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I heard about Zachary Shore’s Blunder: Why Smart People Make Bad Decisions via an interview with the author by D.J. Grothe on his Point of Inquiry podcast.   Shore approaches the problem of cognition traps (his term for the different types of errors we make when trying to make decisions) as an historian.  His descriptions of the different traps are followed by historical examples of how the traps have led to bad decisions and/or how particular historical figures have avoided certain traps.   Shore’s end notes were helpful and his writing style was fairly easy to follow, once I got over his neologisms.   He covers seven types of cognition traps:  exposure anxiety, causefusion (confusing the causes of complex events), flatview, cure-allism, infomania (both hording and avoiding), mirror imaging and static cling.  Several of these traps overlap each other in terms of some of their underlying causes (hope I’m not causefusing things here….);for example, flatview and static cling both derive their particular “badness” from a black-and-white view of the world.  That said, I appreciated Shore taking the time to point out the finer details and differences amongst the traps.  Recognizing a trap and finding the best way to avoid it depend on the ability to identify the different manifestations of restricted thinking.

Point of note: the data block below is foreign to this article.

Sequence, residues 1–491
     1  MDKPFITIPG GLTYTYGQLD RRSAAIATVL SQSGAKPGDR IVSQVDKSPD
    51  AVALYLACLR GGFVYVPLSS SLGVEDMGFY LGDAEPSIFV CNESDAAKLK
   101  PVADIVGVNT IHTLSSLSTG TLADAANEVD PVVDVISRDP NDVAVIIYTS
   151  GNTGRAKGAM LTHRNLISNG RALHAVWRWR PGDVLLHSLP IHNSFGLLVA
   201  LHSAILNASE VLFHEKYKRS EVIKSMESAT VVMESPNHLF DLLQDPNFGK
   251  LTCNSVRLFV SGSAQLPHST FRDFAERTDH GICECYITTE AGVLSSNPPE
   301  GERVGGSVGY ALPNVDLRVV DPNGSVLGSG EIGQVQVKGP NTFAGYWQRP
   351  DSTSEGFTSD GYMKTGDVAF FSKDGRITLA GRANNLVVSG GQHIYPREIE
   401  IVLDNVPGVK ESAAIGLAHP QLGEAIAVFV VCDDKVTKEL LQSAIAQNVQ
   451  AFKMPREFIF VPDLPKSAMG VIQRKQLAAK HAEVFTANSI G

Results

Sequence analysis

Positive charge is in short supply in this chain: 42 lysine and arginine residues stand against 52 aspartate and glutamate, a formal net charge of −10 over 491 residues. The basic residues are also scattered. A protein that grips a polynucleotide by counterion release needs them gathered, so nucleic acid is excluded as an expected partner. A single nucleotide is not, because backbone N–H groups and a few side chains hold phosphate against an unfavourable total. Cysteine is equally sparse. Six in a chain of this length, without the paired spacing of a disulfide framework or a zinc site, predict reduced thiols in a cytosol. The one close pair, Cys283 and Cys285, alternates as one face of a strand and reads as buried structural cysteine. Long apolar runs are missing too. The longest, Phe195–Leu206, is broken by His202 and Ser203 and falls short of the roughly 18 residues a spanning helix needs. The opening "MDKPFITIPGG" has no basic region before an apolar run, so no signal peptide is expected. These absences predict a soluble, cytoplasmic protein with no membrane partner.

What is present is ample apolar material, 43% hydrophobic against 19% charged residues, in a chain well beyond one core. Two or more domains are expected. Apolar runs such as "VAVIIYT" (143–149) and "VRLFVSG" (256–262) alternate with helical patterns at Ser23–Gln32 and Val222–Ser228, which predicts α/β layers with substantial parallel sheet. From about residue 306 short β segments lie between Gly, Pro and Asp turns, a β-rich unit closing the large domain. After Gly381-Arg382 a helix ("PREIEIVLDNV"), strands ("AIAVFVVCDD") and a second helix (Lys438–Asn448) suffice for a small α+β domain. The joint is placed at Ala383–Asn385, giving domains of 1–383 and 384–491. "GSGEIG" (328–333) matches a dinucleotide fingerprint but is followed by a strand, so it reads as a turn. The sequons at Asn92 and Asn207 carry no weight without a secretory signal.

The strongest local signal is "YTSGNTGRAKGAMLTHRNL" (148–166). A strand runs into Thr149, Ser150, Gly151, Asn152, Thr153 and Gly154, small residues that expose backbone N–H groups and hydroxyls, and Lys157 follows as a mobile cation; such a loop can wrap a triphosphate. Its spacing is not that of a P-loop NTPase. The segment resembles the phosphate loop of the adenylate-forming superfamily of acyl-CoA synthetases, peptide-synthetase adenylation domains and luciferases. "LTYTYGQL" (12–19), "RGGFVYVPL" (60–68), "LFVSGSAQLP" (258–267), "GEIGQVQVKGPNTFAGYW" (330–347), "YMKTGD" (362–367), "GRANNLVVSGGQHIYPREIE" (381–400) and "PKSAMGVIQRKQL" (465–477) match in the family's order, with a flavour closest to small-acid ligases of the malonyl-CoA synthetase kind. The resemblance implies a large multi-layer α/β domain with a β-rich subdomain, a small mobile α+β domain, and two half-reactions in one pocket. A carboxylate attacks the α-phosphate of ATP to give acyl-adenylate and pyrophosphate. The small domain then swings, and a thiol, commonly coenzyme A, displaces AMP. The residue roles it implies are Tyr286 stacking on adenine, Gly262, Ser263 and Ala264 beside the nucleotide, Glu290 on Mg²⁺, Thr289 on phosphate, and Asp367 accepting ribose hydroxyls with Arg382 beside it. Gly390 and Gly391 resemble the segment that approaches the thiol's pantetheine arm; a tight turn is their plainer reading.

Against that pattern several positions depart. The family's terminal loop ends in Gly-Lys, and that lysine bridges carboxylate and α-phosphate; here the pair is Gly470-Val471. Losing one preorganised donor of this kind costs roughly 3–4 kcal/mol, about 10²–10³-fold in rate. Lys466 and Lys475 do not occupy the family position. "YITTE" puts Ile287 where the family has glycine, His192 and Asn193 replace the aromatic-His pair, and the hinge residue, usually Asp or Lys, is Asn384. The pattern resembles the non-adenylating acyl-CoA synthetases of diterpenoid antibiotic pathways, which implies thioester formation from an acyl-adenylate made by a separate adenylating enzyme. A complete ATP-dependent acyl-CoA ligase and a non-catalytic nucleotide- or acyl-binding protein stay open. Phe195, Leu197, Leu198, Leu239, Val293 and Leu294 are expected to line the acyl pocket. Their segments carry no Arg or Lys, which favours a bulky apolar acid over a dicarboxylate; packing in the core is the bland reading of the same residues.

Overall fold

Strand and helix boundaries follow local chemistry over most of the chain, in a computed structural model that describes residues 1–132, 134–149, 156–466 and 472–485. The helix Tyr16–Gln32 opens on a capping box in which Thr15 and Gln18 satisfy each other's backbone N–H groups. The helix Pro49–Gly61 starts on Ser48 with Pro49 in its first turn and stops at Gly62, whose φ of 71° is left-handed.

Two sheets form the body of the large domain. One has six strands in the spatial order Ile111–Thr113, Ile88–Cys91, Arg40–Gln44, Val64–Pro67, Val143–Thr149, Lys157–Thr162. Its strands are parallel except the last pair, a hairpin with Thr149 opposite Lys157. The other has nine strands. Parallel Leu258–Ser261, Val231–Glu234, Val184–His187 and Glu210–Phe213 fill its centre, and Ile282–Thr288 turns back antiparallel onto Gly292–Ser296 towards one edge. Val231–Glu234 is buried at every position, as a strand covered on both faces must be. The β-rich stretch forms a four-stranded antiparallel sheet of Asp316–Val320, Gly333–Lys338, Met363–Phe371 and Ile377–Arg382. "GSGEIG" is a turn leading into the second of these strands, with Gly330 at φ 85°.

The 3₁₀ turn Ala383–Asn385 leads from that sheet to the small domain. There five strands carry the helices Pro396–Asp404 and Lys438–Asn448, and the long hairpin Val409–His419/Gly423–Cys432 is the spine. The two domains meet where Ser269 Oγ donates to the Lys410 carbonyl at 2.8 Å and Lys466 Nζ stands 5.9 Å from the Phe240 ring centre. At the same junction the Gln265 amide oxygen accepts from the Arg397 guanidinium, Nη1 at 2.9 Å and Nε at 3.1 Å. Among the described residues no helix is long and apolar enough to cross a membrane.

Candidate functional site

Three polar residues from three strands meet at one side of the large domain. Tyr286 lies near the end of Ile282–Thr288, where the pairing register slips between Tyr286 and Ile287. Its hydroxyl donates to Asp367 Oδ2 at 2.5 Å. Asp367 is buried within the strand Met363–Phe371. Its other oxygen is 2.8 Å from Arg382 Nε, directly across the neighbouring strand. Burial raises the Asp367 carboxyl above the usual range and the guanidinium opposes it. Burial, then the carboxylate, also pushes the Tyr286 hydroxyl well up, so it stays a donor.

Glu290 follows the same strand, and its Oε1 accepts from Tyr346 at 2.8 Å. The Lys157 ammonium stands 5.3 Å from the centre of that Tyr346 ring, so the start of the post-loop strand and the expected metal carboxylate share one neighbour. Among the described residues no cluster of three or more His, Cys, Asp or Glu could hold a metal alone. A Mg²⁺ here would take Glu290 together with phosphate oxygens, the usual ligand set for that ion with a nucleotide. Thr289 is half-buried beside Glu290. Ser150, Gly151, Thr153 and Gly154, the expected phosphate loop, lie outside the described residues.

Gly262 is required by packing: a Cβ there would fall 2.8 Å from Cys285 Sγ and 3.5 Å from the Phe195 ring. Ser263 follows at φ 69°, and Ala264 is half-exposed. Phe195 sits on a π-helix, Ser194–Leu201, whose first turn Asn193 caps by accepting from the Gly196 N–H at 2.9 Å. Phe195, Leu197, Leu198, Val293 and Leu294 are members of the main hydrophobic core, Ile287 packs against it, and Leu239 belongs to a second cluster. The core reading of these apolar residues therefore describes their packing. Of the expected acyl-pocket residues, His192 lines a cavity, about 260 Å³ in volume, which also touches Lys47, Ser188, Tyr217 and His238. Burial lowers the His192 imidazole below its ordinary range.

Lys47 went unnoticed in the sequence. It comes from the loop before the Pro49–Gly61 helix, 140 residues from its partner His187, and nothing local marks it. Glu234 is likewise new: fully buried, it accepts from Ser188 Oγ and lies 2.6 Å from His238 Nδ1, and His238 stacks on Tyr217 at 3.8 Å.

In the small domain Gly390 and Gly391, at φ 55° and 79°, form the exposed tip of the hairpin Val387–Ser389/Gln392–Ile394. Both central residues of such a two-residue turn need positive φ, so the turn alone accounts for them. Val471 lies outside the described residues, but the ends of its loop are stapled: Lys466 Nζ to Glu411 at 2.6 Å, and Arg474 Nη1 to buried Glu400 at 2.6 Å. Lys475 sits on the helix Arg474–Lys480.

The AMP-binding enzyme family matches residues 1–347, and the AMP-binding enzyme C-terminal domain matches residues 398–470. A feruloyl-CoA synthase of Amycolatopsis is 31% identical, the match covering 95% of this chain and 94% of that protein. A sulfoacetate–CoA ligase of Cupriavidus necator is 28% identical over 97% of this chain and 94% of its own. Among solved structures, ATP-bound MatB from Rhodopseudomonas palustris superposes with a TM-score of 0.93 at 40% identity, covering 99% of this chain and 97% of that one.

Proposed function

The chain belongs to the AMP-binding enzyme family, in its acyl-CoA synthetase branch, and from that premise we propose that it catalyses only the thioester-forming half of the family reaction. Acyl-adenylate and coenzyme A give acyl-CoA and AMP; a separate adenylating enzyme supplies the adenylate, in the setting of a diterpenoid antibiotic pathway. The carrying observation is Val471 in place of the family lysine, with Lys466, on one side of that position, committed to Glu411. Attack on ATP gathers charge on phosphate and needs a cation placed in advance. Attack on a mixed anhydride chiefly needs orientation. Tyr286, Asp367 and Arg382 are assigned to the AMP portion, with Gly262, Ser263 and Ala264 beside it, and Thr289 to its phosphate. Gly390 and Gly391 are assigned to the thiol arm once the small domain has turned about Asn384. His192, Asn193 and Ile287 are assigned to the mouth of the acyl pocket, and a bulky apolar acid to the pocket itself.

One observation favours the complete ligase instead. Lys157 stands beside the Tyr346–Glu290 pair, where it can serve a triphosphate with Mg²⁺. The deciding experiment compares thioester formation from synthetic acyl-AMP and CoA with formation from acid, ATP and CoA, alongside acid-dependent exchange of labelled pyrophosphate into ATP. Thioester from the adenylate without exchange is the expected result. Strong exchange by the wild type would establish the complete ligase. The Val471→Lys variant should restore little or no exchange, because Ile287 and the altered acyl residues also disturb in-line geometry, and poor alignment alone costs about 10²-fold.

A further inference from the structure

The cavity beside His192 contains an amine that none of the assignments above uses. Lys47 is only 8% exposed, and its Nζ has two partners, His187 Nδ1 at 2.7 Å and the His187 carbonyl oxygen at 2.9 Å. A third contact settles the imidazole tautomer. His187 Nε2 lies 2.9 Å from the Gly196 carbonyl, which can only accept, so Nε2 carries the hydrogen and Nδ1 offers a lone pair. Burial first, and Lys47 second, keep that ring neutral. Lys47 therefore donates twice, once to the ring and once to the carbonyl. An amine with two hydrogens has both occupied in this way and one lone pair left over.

The penultimate chapter covers the mistakes of the Iraq War in terms of cognition traps.  Given Shore’s tendency to use examples from throughout the history of mankind, these Iraq War examples seem a bit premature.  They may be “timely” ways to help teach the subject, but that’s all the reader should take them for.  The last chapter provides advice for avoiding all the cognition traps.  Shore uses two very interesting true stories to point out the benefits of mental flexibility.

This is not “The one book you must read to completely understand cognitive errors,” but it is a nice complement to the science-based titles I’ve read so far.  Shore is not a scientist (as he clearly states and as some of his stories and suggestions clearly show), but his perspective on how to define, recognize and avoid poor thinking from the viewpoint of an historian is very interesting and helpful.


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